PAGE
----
LTDS are running an online workshop Evidencing Teaching Excellence for Promotion on 7th September from 2-3pm.
This workshop is for any member of academic staff thinking of applying for promotion in whole, or in part on the basis of their teaching (whether they are on Teaching and Research or Teaching and Scholarship contracts).
The workshop is likely to be of particular interest to academic staff who are, or may be, intending to make an application to the 2023-24 or 2025-26 promotion rounds.
Following a period of evaluation and testing by colleagues from across the University, Vevox is replacing Ombea as the University’s centrally supported audience interaction system from 1 September 2023. Vevox was selected as the preferred replacement for Ombea as it provides additional functionality and an improved user experience.
Some of the benefits of Vevox:
Integration with PowerPoint or standalone web-based software – choose what works best for you
‘Convert to poll’ button in the PowerPoint add-in enabling easy conversion of Ombea slides to Vevox polls
Integration with single-sign-on (SSO) technology to avoid the need for a separate username and password
Integrations with Canvas and Teams
From September 2023, Ombea will no longer be centrally supported by LTDS and NUIT and the software will no longer function in teaching spaces.
Training is available for colleagues who are new to Vevox and audience interaction systems. Initial training sessions will be delivered by Vevox and will begin on 12th September. An additional session is also scheduled for current users of Ombea who need to convert their Ombea slides to the new Vevox format (please note: existing Ombea presentations are not compatible with Vevox). Please click on the links below to sign up to a session:
Yulia Dzenkovska is a Lecturer in Marketing (NUBS) specialising in services marketing and service innovation. Her interest in design thinking dates from her time here as a PhD student when she took part in a careers service design thinking event (EIT Health Innovation Competition) and won first prize! Since then, she has developed her interest in this approach and incorporated it into her module “New Product and Service Development” with great success. She is also the Employability Lead for her Subject Group.
Lucy Hatt is a Senior Lecturer in Leadership Development and Entrepreneurship (NUBS), with a particular interest in the value of the threshold concept approach for entrepreneurship, enterprise and employability educators. She is the DPD for the MBA and leads modules on Innovation, Change and Enterprise which incorporate Design Thinking approaches.
The call for nominations for the 2024 National Teaching Fellowship Scheme (NTFS) and Collaborative Award for Teaching Excellence (CATE) is now open and the deadline for nominations is 12 noon on Friday 3 November 2023.
The National Teaching Fellowship Scheme (NTFS) is a highly prestigious award which celebrates excellent practice and outstanding achievement in learning and teaching in higher education.
The awards support individuals’ professional development in learning and teaching and provides a national focus for institutional teaching and learning excellence schemes.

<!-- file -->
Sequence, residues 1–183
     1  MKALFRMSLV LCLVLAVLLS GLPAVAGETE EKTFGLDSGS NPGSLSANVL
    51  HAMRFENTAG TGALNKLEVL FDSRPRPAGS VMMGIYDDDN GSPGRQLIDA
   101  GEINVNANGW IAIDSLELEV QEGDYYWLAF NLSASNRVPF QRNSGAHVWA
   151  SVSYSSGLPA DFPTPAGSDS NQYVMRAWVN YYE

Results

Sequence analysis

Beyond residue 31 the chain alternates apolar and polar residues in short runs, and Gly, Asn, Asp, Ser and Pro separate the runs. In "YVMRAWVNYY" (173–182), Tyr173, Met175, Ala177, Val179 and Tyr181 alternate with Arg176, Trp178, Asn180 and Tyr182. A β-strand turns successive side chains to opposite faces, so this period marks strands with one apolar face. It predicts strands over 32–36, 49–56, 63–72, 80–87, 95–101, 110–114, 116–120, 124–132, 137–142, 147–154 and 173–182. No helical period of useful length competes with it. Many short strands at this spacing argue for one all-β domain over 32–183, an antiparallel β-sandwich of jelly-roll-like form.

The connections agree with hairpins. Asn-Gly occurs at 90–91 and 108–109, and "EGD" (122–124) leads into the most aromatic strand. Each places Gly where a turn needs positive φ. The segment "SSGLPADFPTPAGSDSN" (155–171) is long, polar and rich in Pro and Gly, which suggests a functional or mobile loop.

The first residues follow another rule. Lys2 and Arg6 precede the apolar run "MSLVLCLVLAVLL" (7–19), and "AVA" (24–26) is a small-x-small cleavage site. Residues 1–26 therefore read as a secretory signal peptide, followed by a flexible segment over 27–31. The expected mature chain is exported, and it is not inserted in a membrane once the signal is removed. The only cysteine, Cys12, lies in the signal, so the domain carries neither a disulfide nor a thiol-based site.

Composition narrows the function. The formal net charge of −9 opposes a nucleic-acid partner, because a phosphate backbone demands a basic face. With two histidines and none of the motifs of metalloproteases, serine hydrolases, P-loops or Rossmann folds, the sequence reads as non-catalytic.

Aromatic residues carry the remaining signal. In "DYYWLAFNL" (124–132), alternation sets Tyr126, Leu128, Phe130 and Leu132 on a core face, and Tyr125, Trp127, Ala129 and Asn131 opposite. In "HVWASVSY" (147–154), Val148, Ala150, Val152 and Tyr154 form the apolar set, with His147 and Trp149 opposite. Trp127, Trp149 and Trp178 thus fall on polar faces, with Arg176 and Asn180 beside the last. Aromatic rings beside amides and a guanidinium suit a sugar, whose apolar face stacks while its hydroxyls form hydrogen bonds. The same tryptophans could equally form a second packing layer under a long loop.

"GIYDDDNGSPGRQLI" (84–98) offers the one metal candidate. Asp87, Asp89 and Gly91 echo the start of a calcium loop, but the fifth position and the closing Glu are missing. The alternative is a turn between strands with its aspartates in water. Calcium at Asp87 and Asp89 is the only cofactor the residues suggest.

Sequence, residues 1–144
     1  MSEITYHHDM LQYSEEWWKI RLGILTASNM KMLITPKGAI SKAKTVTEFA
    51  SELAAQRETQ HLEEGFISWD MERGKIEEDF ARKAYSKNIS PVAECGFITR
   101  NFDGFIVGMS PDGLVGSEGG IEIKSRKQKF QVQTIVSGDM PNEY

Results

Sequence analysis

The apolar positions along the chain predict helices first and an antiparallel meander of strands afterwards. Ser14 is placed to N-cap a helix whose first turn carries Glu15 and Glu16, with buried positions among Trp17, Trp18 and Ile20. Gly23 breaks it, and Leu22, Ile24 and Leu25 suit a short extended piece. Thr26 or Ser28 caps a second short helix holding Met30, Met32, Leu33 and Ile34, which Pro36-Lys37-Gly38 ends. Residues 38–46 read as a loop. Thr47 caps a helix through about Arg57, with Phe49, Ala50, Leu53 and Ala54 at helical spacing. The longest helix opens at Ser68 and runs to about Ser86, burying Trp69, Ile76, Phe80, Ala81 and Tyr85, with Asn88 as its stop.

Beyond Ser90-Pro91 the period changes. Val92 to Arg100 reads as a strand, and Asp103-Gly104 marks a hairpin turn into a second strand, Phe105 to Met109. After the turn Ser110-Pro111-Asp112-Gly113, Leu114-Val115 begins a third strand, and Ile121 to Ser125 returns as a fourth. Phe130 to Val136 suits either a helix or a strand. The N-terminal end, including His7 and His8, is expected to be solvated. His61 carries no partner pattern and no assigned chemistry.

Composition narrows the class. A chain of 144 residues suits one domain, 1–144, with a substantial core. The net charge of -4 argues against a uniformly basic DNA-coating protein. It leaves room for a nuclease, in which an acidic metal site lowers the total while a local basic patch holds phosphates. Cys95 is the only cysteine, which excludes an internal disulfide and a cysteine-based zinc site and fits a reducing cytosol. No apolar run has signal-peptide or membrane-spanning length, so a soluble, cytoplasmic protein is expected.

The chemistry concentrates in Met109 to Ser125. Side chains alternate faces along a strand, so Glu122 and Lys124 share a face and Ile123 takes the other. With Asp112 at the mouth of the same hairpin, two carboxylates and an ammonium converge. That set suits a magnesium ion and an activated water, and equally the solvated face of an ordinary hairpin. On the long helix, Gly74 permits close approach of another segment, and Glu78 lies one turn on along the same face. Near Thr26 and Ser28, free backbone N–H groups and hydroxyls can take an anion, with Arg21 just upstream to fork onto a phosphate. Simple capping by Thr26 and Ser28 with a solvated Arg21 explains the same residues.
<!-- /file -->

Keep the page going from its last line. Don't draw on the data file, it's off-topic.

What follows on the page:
The Collaborative Awards for Teaching Excellence (CATE) celebrate collaborative work that has had a demonstrable impact on teaching and learning.
For more information about the awards, including eligibility and the application criteria, please visit the information pages on the Learning and Teaching website:
Digital Exam Support Assistants (DESAs) are PGR students who support invigilators in digital exam venues to help students troubleshoot any technical issues using the safe exam browser software. Safe Exam Browser is software which works alongside Inspera offering a secure ‘locked down’ digital exam. Inspera Assessment is the University’s Digital Exam system used for present-in-person, secure online assessments.
How do DESAs support exam invigilators in digital exams?
DESAs are on-hand to support students and invigilators to troubleshoot issues faced when accessing Inspera for Bring Your Own Device (BYOD) exams. Exam invigilators have reported that the presence of DESAs makes them feel more confident in digital exam venues. Feedback has stated that DESAs have been a ‘confidence booster’ and that invigilators ‘couldn’t do it without them’. Invigilators reported that the DESAs were responding to queries quickly which has also been stated by students who had DESA support.
How do students find the DESA support?
39 students submitted their feedback on their Semester 1 22/23 BYOD exam. When asked how satisfied they were with the technical support available in their exam, two thirds of students (67%) reported that they were satisfied or very satisfied.
Students reported that ‘those who requested support were dealt with quickly and there was little hassle.’
How did the DESAs find their experience?
We asked some of our DESAs how they found their experience in the role this year. Check out some of the quotes below:
“I had a wonderful experience with the team. Enough training was given to staff. Would like to work with the team again. Thanks for giving me the opportunity.”
“Regarding my experience in the DESA role this academic year, it provided me with a valuable opportunity to contribute to the Digital Assessment Office and engage with fellow students. The role not only enhanced my understanding of digital assessment practices but also allowed me to develop essential skills in communication and collaboration. I am grateful for the experience and the chance to be a part of improving the assessment process at Newcastle University.”
We are pleased to report that the DESA role will be returning in the 2023/24 academic year. This support provision has been crucial in supporting our students with any troubleshooting during their BYOD digital exams. For more information you can email the Digital Assessment Team.
In a recent presentation at the Three Rivers Conference, Learning and Teaching Development Service (LTDS) advisers Gosia Rabenda Derman and Michelle Black shared their learning on collaborative approaches to curriculum redesign from a project they have been working on with academic and professional colleagues in the School of Natural and Environmental Sciences (SNES). Read the summary of the presentation, and learn more about the project.